Demand Is Fungible: Marketing Dollars Aren’t For Naught
The key here is to understand that demand is fungible. I am not referring to the fact that a customer may accept a different type of unit if the apple of her eye is fully occupied. While true, to a degree, it is far more important to consider that demand–and, specifically, self-storage demand–can manifest itself in a couple of different ways, namely in the form of either occupancy or effective rate (the combination of asking rates, concessions, and discounts).

All else equal, higher effective rates will result in less demand. That is your pricing lever. I don’t want to oversimplify the massively complex scientific demand forecasting and pricing optimization models that go into determining how far to push or pull this lever to manage our fixed capacity efficiently (that will be the subject of another article); I just want to focus on the fact that for any price action, there is an opposite (but not necessarily equal) demand reaction.

So, now consider what happens when demand increases or decreases due to either our own efforts or exogenous factors (like weather or the economy). We can’t control all shifts in demand, but marketing is, essentially, your demand lever. If we increase demand beyond what we can accommodate due to our limited availability, it doesn’t mean that we simply miss out on the opportunity. Nay, this shift in demand gives us meaningful pricing power. We may not be able to rent enough extra units to satisfy all of those incremental customers, but we can adjust our prices for both new and existing customers such that we are maximizing the economic output of our limited space. Essentially, we can capitalize on that newly created demand in the form of rate, if not occupancy.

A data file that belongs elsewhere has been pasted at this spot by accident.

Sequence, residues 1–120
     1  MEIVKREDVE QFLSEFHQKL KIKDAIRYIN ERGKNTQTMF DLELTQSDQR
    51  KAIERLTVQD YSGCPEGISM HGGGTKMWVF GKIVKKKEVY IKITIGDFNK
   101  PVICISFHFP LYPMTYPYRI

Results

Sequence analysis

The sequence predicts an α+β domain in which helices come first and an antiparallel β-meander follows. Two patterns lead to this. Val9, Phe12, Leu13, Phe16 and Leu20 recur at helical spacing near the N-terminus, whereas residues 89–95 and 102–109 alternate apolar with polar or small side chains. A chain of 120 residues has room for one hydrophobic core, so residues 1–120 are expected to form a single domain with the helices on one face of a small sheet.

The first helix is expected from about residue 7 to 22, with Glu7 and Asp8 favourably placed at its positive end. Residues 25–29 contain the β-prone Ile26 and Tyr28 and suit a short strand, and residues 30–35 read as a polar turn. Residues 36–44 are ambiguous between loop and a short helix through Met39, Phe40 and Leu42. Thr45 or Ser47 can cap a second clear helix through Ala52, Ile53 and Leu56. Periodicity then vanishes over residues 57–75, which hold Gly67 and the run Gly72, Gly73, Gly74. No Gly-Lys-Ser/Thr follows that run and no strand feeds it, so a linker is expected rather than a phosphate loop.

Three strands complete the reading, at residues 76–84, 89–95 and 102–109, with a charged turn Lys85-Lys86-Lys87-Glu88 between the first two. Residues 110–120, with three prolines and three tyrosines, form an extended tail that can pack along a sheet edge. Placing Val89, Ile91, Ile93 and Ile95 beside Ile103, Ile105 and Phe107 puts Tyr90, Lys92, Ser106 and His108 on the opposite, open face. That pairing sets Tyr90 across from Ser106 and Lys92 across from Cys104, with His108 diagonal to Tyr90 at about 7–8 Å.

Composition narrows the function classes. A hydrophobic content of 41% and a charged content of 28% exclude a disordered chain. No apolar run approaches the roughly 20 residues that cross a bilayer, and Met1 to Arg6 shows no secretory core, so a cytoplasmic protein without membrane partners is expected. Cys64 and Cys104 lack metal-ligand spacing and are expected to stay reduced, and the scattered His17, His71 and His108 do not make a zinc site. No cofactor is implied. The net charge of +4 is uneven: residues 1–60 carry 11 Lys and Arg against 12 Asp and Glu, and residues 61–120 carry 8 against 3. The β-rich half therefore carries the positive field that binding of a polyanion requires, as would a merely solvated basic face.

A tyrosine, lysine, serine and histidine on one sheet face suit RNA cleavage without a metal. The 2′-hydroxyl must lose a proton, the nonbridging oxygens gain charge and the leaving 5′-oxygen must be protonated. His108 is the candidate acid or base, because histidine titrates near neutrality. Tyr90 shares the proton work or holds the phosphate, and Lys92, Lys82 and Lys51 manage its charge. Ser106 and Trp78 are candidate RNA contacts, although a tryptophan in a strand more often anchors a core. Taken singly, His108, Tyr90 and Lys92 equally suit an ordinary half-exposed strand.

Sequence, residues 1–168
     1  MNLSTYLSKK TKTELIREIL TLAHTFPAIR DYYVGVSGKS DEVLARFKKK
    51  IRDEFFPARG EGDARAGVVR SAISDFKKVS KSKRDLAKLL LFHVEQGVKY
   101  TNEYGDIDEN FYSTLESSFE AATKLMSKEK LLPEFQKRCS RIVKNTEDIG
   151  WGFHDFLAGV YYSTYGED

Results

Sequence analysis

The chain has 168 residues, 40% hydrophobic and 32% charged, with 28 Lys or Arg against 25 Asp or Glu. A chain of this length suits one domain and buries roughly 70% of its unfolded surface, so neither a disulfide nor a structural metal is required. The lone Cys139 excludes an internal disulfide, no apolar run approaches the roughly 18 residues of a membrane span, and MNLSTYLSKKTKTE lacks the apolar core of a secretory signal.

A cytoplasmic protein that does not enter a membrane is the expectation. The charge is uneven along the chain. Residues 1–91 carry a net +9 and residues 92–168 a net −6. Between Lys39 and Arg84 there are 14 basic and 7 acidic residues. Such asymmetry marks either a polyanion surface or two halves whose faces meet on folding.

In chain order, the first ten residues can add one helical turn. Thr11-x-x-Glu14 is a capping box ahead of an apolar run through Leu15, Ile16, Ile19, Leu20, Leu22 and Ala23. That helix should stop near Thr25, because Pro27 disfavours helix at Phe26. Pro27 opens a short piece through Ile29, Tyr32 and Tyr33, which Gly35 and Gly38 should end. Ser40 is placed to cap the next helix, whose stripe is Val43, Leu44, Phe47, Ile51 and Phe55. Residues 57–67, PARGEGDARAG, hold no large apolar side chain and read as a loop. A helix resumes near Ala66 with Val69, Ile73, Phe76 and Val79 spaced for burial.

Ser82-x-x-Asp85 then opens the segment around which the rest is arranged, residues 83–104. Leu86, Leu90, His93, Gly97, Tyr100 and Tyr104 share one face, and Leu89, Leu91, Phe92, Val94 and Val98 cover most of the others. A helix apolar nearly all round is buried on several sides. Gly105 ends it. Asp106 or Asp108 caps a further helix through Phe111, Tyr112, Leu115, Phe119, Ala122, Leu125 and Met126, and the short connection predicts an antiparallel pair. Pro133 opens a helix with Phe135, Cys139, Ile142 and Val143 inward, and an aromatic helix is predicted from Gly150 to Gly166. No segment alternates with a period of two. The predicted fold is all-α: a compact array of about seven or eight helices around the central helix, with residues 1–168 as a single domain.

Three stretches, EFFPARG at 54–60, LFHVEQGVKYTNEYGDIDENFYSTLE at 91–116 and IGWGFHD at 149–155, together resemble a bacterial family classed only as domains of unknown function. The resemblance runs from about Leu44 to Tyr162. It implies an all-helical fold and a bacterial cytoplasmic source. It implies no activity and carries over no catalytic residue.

The point here is that we don’t have to turn off the spigot when we are highly occupied, as long as we are dynamically pricing our space from the perspective of revenue maximization. This is the first key point to consider when contemplating the mistake of dramatically reducing your marketing budget.

Little’s Law: A Little Formula With Big Marketing Implications